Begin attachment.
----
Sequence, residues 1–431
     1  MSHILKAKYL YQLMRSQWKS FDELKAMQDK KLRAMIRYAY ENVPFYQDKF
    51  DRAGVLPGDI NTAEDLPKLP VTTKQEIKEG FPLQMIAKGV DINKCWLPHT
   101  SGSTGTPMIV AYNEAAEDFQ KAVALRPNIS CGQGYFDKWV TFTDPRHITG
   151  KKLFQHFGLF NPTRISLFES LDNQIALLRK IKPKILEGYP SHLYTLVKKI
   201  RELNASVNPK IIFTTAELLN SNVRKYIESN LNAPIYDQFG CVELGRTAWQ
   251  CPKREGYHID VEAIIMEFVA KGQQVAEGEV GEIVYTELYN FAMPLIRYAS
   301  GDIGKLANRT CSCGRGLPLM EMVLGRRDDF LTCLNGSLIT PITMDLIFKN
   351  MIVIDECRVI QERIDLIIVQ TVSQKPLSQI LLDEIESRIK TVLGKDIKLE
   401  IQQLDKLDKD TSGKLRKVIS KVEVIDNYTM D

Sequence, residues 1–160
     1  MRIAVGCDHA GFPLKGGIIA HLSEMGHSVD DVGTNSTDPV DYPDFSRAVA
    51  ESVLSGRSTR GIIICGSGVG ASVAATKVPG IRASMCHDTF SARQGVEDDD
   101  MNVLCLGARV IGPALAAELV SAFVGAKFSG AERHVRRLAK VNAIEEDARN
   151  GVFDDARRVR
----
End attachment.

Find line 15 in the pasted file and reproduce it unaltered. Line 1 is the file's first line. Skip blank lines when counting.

   151  GVFDDARRVR